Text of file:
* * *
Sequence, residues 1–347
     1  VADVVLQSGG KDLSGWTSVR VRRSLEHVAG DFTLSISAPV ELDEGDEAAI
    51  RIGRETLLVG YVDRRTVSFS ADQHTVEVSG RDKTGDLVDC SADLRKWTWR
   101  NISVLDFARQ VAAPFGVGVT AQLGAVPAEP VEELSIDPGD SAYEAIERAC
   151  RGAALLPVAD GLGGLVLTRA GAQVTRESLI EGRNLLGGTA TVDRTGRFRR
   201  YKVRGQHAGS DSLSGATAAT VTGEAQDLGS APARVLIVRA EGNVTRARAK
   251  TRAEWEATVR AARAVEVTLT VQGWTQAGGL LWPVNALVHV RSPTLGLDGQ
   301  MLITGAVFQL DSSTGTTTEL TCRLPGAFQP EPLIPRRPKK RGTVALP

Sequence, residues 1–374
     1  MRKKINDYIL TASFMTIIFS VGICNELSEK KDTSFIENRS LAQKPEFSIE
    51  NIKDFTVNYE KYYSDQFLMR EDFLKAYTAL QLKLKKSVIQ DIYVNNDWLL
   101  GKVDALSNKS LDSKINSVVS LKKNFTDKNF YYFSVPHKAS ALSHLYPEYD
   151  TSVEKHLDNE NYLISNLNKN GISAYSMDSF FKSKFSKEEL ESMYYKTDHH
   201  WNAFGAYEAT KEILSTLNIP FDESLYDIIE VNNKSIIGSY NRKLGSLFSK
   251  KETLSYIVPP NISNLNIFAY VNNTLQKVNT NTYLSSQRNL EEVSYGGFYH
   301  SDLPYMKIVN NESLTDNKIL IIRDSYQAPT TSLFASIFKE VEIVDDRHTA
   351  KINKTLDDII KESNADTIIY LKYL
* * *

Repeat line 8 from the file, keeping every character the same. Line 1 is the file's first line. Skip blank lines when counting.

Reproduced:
   301  MLITGAVFQL DSSTGTTTEL TCRLPGAFQP EPLIPRRPKK RGTVALP